As we set the dishes and count the silverware for Thanksgiving, we are acutely aware of the empty places at the family table. We try to find something, anything, to be thankful for. We hold our breath and hope this day goes quickly. We sit in the dark and doubt we can endure too long.

But there are things you can do to help ease the bruise that grief leaves on our soul. TAPS has brought together tried and true tips, survivor stories and other resources to help you through this season. Visit www.taps.org/HolidayGriefTips to get holiday support when you need it. Even if you think you have lost the light, TAPS is here to shine the light of hope during this difficult season.

Here are 9 tips Frank Campbell shared with our survivors this weekend at the Mid-Atlantic Regional Seminar.  We hope they will help you feel a little stronger as you face the season ahead knowing your TAPS family is always there for you.

9 Grief Tips to help make it through the holiday season:

  1. Make a plan -- anticipation is often worse than the holiday itself.
  2. Acknowledge your loved one's presence and absence.
  3. Say yes to at least one invitation.
  4. Allow others to help.
  5. Avoid taking on too much.
  6. Involve the kids in the holidays and traditions.
  7. Take care of yourself.
  8. Take each holiday one at a time and each year at a time. New traditions don't have to be repeated either.
  9. Hold tight to the knowledge that love doesn't end in death.

Please remember that TAPS is available to you 24/7 through our National Military Survivor Helpline at 800-959-8277. You can always reach out to us this holiday season if you're feeling lonely, struggling with your grief, have questions or just need to talk to someone. We understand that grief does not follow a normal schedule, and we're here to answer your call, whether it's 2 p.m. or 2 a.m.

We are here for you.  

With care, 

Your TAPS Family 

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National Military Survivor Seminar Heroes banner
Saturday Morning Message: Changing Anger to Pride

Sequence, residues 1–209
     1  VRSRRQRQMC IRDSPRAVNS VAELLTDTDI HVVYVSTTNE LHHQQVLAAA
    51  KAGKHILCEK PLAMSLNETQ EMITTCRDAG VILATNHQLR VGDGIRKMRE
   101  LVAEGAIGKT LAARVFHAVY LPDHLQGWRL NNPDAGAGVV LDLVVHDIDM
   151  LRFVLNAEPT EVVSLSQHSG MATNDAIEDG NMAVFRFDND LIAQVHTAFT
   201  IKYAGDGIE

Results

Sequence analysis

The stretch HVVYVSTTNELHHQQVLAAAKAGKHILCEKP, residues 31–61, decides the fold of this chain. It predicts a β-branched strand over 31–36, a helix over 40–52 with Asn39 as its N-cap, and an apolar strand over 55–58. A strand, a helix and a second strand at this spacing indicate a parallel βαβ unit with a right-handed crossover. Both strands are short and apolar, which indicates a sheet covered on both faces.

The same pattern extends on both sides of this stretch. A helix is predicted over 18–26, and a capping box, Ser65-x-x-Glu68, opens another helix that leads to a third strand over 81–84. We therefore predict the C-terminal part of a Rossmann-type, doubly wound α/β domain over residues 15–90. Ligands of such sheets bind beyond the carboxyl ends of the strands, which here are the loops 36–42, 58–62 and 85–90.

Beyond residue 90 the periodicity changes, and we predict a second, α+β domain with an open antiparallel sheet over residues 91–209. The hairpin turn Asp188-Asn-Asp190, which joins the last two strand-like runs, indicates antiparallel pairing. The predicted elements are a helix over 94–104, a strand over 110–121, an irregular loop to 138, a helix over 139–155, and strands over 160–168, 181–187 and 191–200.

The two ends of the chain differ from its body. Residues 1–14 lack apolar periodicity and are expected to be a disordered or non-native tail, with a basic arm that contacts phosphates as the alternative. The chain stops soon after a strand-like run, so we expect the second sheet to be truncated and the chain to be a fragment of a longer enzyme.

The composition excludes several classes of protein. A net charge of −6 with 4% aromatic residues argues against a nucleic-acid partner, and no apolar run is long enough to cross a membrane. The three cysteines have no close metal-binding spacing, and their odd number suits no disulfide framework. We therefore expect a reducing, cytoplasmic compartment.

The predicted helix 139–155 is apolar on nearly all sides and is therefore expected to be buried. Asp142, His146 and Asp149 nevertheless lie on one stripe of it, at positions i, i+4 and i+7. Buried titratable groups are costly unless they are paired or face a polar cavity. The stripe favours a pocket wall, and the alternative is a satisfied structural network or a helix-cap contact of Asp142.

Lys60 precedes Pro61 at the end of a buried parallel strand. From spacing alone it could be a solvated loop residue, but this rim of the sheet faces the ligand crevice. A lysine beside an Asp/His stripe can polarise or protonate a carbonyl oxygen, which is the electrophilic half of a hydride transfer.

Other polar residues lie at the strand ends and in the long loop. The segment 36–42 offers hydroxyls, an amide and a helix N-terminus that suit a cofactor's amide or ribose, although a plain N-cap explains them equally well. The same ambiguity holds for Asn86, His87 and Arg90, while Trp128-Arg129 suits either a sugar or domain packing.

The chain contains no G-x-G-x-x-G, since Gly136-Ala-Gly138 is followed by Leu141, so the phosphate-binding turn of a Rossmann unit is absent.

November 19, 2016

Good Morning,

Last week's question asked how to turn the anger that comes with grief into more of a focus on the pride for our loved one's service. This is a tricky question as it asks us to focus on ourselves, and that is something many of us are not taught to do. First, we must find strategies to help reduce the anger. This is where looking in the TAPS Magazine archives can be helpful. 

In an article written by Susan R. Blankenship and Rebecca I. Porter, titled "Physical Reactions to Loss and Grief: It Isn't All in Your Head (or Your Heart)," the authors offer some ways to help reduce the stress of grief:

  • "Diaphragmatic breathing: Imagine a string pulling you straight up from your abdomen as you slowly inhale through the nose, and slowly exhale through the mouth.
  • Biofeedback training: Learn to control involuntary body responses such as heart rate and blood pressure.
  • Dedicated Worry Time: Set a timer for a specific period of time to worry; when the buzzer sounds, get up and do something positive for yourself.
  • Regular exercise: Make exercise a priority, especially aerobic exercise or brisk walking, just to get your body moving.
  • Appreciation of nature: Lie in the sun and feel the warmth, walk among the leaves, make a snowman.
  • Relaxation: Use tapes or CDs to enhance relaxation."

In addition to these ideas, I would like to add listening to music. Andy, father of Danny, makes a playlist on Spotify of the songs that appear in the Saturday Morning Messages   along with a few other songs special to him. The playlist is free and called "Tragedy Assistance Program for Survivors Songs of Love and Remembrance." He has also started a new playlist for the holiday songs survivors sent called "TAPS Holiday Music While we Grieve" You can continue to send in your favorite holiday songs in addition to songs that remind you of your loved one. 

Survivors have sent in their approaches to releasing the anger they sometimes feel in grief. I hope you can find comfort from their responses. Thank you to all who responded this week as well as those who read the message. 

Would you like to share a question or read how other survivors respond to a topic or question you have? I would love to gather some thoughts for future Saturday Morning Messages. It can be helpful to read about how others cope. If you would like to send a message thanking one or all of those who wrote this week, send it to me and I will make sure your thoughts are passed along to them. 

In addition to the ideas shared below, we can also honor our loved ones by communicating with each other through writing. You never know how your words may touch the heart of another. I encourage you to reply to the Saturday Morning Message by emailing carol.lane@taps.org. In order to have your reply included in the week's Saturday Morning Message, it is best to send them to me by Tuesday of the following week. This week's question is located below my signature. Thank you to everyone responding this week and those who read this message. 

Hugs,
Carol 

Question for Next Week's Saturday Morning Message